Advertisement

The Ambush and Death of Gangster John Dillinger

John Dillinger and his gang were responsible for 10 deaths, three jail breaks and more than 20 bank robberies before he was finally gunned down by law enforcement on July 22, 1934, just two months after Bonnie and Clyde were ambushed and killed by law enforcement in Louisiana. Wikimedia Commons/HowStuffWorks

Advertisement

They had John Dillinger behind bars in the Lake County jail in Crown Point, Indiana. His jailers boasted that their facility was escape-proof. But Dillinger hadn't become a successful criminal by accident. Ruthless, ingenious and hard-boiled, he whiled away his time carving a piece of wood into a replica of a small handgun and painting it with shoe polish.

Unbelievably, he was able to use the fake gun to trick his captors and managed to escape. By the time he was done, Dillinger's gang was responsible for 10 deaths, three jail breaks and more than 20 bank robberies. He became America's first true celebrity criminal and was named the country's Public Enemy No. 1.

Dillinger liked fast cars a lot. He stole or bought them at regular intervals and used them to outrun the cops in their four-cylinder rattletraps. There's some evidence that he even penned a letter of appreciation to Henry Ford for building such fast machines. Roaring across state borders, he covered vast territories and left local law enforcement in the dust.

In an interview, Dary Matera, the author of "John Dillinger: The Life and Death of America's First Celebrity Criminal" says that at the time, J. Edgar Hoover was trying to convince the government to give him the money to turn the Bureau of Investigation into a truly effective national police force. He used Dillinger's interstate outrages to point out the need and his campaign worked. Hoover's first order of business was to deal with Dillinger. But how?

He caught a break when a woman named Ana Cumpanas contacted the Bureau. Cumpanas was Romanian immigrant who ran a brothel in Gary, Indiana. One of the prostitutes who worked for her was dating Dillinger. Threatened with deportation, Cumpanas wanted to cut a deal with the FBI. She would tell them where Dillinger was if they would make sure she wasn't sent back to Romania. The FBI agreed to help her as best they could and Cumpanas decided to work with them.

On July 22, 1934, FBI agents staked out the Biograph Theater in Chicago. According to Matera, most FBI agents were "pencil pushers, or, as I like to call them, Hoover's army of geeks. They couldn't shoot, so Hoover hired a couple of military assassins." Together, says Matera, the geeks and the assassins loitered outside the theater until the show was over and Dillinger emerged. He'd recently had plastic surgery and believed himself so unrecognizable he could wander the streets with impunity. But he'd also been in and out of prison for much of his life and it took him no time at all to clock the law.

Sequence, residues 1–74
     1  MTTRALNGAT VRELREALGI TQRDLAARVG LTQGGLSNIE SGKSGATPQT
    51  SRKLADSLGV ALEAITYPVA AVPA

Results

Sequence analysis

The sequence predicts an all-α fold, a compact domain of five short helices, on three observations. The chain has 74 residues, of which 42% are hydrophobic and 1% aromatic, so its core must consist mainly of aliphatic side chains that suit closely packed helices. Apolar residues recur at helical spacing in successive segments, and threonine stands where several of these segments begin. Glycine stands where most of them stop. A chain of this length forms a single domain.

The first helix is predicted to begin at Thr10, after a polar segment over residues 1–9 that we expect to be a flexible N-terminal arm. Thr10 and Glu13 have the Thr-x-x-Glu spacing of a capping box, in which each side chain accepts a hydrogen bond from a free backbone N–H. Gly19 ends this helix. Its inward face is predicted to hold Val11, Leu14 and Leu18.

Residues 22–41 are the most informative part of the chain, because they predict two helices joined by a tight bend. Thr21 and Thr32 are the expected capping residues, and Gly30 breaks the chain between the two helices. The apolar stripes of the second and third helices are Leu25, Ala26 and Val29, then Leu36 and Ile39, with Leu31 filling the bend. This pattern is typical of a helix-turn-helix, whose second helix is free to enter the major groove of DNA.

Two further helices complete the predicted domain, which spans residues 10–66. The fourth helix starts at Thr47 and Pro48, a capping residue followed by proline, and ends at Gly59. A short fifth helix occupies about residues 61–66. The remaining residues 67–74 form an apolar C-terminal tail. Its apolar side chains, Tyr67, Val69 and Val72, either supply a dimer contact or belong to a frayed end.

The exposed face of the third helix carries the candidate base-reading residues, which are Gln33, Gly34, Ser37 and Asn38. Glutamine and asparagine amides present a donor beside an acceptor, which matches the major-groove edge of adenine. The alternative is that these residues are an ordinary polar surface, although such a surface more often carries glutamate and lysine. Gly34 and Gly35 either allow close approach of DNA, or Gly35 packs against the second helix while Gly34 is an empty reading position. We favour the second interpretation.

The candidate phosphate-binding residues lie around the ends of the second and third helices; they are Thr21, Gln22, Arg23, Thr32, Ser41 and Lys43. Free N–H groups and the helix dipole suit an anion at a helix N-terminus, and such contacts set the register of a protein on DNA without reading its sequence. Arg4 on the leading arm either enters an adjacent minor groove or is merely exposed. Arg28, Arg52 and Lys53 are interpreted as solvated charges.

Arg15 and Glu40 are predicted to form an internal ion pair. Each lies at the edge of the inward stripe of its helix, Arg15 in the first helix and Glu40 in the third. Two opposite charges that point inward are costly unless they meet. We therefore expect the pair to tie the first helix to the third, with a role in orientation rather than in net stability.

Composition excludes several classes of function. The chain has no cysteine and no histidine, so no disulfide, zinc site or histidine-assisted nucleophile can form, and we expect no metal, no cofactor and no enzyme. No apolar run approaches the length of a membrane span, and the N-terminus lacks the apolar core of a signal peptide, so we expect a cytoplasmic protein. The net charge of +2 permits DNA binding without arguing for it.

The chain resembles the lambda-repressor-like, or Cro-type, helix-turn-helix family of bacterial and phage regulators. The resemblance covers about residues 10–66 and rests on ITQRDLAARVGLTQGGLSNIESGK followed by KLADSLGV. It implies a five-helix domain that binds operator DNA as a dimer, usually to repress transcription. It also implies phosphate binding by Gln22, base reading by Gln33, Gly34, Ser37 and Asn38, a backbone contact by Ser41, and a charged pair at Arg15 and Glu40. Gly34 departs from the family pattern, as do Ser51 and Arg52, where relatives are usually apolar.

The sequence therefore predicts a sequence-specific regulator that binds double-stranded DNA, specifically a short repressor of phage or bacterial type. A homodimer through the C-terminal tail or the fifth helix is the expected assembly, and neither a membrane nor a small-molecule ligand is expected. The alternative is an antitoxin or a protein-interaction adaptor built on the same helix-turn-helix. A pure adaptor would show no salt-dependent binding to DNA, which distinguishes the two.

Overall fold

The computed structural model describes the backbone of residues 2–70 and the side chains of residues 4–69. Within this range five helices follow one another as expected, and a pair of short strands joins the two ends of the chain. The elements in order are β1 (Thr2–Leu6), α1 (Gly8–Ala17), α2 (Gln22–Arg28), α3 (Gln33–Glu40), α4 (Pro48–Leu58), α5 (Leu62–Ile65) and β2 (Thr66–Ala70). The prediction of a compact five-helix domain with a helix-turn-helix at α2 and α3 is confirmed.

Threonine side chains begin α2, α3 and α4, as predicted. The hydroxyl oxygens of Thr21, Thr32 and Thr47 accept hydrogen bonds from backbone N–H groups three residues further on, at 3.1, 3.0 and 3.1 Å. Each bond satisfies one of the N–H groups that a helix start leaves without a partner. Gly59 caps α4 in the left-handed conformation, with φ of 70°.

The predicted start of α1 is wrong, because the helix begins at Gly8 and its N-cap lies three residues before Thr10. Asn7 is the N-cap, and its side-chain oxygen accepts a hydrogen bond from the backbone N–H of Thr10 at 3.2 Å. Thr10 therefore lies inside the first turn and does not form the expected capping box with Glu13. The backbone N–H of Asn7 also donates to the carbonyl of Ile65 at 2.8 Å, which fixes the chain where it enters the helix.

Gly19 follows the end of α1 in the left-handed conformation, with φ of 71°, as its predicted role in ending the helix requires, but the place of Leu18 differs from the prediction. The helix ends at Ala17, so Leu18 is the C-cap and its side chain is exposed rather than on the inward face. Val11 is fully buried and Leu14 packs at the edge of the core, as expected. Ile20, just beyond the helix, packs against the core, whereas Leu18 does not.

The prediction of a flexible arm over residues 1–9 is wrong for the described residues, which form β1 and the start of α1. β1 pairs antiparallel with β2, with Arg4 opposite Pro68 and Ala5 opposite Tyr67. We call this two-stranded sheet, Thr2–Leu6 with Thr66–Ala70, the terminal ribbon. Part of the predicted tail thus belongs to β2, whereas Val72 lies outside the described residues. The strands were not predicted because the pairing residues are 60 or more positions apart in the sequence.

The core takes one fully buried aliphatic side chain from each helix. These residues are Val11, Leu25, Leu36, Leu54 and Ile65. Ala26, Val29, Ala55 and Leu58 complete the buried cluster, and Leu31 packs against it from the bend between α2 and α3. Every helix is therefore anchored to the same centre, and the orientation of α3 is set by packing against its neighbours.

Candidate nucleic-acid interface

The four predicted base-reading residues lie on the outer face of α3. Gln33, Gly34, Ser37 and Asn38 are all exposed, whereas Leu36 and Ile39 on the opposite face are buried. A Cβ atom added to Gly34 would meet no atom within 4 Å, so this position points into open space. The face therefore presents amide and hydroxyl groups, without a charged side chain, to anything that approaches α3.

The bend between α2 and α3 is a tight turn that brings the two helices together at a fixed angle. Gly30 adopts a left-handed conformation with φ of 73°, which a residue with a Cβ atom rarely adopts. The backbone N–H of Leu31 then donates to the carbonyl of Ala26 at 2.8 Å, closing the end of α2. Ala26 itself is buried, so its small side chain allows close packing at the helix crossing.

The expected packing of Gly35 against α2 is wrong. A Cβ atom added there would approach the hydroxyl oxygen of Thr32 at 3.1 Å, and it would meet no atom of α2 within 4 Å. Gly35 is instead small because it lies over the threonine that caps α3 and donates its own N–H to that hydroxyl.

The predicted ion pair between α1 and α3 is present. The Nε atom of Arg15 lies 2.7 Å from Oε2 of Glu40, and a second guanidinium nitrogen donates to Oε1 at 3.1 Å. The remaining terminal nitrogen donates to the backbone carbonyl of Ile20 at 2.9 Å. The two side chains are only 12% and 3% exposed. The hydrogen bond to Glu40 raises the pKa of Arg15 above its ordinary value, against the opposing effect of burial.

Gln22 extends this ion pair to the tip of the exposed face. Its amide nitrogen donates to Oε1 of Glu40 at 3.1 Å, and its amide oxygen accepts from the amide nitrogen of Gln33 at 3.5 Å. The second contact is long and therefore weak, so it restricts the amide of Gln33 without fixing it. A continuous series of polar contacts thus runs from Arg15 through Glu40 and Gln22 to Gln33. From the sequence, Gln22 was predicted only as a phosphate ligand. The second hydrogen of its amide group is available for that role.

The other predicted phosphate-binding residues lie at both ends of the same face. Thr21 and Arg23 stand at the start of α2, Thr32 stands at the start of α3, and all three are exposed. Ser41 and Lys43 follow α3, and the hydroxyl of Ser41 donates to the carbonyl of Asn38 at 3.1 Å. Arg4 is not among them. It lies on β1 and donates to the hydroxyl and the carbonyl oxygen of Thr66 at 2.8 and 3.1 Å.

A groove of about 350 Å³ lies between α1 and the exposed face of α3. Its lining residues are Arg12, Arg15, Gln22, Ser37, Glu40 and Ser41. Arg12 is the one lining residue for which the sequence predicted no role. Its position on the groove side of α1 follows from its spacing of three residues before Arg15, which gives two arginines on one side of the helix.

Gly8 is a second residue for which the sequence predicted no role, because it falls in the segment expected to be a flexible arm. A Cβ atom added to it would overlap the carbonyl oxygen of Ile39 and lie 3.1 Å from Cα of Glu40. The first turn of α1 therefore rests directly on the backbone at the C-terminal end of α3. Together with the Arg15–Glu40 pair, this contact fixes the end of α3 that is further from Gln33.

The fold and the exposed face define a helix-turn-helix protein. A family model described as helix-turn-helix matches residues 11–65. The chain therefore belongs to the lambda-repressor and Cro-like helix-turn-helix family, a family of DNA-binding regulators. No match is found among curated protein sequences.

He headed into an alley to evade them and, according to the FBI agents, drew a weapon as he ran. One of the geeks fired wildly and hit two women in the crowd that was emerging from the movie theater. "The assassins got Dillinger in their sights. The bullet that killed him entered the back of his neck and exited under his right eye," Matera says. It was "an execution shot. They'd been sent there with orders to kill Dillinger and that's what they did. Hoover had no intention of putting him on trial."

The crowd was in a celebratory mood outside Chicago's Biograph Theater on the night John Dillinger was killed there by police.
Wikimedia Commons

One reason for this, Matera believes, is that a trial could have been very messy. Not only was Dillinger an admired folk hero by the time he died, he might also have had information that some powerful people didn't want to emerge. There were undoubtedly policemen and politicians he'd bribed, not to mention bank officials who might have hired him. One widely believed rumor, says Matera, is that in some cases bank officials would hire Dillinger to rob their banks. He might steal $10,000, but they would claim he'd taken $50,000 and keep the difference when their insurance claim came through.

One way or another, says Matera, it really was Dillinger they got. As with many celebrity deaths, rumors persist that the man they killed that night was actually a double. But, Matera says, doubles never run. They don't want to get shot. Also, he points out, Dillinger was enamored of his celebrity. "He couldn't live without his fame. If he'd truly survived, he would have resurfaced somewhere in Mexico and thumbed his nose at the FBI."

That said, two of Dillingers descendants claim that they doubt it's really his body that's buried under his headstone. In September 2019 they plan to disinter the corpse and use DNA to determine its true identity.

As far as Matera is concerned, "It's just a publicity stunt."

Time will tell.

Advertisement


Advertisement

Advertisement

Advertisement

Advertisement


Advertisement

Advertisement


Recommended

Advertisement

Advertisement